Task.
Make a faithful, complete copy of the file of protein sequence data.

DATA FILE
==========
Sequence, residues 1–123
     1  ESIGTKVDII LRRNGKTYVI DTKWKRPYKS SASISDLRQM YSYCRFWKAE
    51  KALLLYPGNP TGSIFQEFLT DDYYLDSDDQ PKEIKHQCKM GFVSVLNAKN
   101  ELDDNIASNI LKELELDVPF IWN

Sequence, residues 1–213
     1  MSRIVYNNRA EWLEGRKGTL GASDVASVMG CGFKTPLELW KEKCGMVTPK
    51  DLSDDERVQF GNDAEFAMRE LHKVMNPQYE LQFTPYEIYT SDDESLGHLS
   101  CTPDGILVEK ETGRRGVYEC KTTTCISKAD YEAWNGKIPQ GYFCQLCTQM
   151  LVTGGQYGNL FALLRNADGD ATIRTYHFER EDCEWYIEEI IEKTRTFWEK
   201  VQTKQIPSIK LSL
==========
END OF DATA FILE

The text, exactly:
Sequence, residues 1–123
     1  ESIGTKVDII LRRNGKTYVI DTKWKRPYKS SASISDLRQM YSYCRFWKAE
    51  KALLLYPGNP TGSIFQEFLT DDYYLDSDDQ PKEIKHQCKM GFVSVLNAKN
   101  ELDDNIASNI LKELELDVPF IWN

Sequence, residues 1–213
     1  MSRIVYNNRA EWLEGRKGTL GASDVASVMG CGFKTPLELW KEKCGMVTPK
    51  DLSDDERVQF GNDAEFAMRE LHKVMNPQYE LQFTPYEIYT SDDESLGHLS
   101  CTPDGILVEK ETGRRGVYEC KTTTCISKAD YEAWNGKIPQ GYFCQLCTQM
   151  LVTGGQYGNL FALLRNADGD ATIRTYHFER EDCEWYIEEI IEKTRTFWEK
   201  VQTKQIPSIK LSL